Wednesday, 10 May 2017

New study: Humans reached America 100,000 years earlier than we thought

April 27, 2017

by Chuck Bednar

New research published online this week in the journal Nature is claiming that the first humans found their way to the Americas far earlier than previously believed – more than 100,000 years earlier, to be precise – but not everyone seems to be on board with the study’s findings.

In the study, scientists from the Center for American Paleolithic Research in South Dakota and their colleagues examined animal bones and tools unearthed from the Cerutti Mastodon site near San Diego, California – a site initially discovered in 1992, according to BBC News reports. Among their discoveries were potential stone tools and remains believed to be from a mastodon, the British news outlet added. However, the researchers were unable to use radiocarbon dating to analyze the remains, so instead they used a technique known as uranium-thorium dating.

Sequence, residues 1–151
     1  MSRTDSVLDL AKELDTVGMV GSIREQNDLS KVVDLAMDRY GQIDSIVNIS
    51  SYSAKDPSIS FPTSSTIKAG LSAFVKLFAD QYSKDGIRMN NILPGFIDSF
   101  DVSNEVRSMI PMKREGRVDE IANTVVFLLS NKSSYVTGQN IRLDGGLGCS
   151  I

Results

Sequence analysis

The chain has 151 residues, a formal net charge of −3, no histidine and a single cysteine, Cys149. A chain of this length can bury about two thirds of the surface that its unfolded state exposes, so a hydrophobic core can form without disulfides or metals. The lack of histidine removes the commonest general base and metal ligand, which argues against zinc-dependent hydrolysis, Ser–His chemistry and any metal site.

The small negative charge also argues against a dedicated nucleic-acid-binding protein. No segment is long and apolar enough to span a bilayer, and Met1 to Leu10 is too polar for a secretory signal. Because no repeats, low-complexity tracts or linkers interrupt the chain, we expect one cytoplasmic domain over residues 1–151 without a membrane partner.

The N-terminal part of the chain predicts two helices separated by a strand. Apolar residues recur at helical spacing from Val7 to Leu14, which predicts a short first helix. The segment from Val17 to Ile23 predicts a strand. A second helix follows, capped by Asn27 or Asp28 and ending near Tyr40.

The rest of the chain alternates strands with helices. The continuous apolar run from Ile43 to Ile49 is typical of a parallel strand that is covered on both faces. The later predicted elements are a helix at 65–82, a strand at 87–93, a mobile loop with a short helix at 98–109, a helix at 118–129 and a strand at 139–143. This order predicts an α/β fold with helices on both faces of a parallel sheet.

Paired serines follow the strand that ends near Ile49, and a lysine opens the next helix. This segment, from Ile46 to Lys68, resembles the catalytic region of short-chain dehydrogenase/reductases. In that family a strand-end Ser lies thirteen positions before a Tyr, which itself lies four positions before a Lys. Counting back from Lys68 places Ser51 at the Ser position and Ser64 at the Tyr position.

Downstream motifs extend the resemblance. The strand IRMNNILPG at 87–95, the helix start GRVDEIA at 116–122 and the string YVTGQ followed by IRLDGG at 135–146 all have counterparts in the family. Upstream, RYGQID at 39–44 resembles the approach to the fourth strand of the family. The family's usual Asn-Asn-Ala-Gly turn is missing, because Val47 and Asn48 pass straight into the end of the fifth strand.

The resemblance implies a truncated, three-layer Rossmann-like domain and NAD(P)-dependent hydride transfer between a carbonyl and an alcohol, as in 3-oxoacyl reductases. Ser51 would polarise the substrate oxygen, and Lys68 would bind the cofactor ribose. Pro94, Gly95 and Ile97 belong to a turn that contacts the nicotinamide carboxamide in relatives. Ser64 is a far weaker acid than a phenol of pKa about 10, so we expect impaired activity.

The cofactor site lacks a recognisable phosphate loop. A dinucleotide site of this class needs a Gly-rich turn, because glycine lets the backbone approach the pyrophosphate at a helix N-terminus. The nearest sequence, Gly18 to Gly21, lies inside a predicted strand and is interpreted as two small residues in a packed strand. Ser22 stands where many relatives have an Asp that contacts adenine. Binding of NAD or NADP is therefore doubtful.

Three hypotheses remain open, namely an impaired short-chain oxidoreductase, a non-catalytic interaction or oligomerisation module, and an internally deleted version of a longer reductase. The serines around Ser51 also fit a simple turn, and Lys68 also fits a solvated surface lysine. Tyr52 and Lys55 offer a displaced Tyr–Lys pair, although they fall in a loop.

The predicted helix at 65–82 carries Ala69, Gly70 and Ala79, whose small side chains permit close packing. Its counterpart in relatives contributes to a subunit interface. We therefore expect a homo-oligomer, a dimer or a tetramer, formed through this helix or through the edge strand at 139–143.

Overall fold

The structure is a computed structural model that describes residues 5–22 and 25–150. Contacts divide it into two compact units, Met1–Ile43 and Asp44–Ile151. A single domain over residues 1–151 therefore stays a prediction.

Those tests, the study authors said, claimed that the artifacts were 130,000 years old – significant because most prior research has concluded that the Clovis people were the first people to come to the Americas across the Beringia land bridge some 13,000 years ago, Scientific American noted.

If the CAPR-led team is right, the publication added, “the find could call into question the long-held assumption that H. sapiens was the first and only member of the human family to reach the New World, because it hails from a time when multiple human species... roamed the planet.” 

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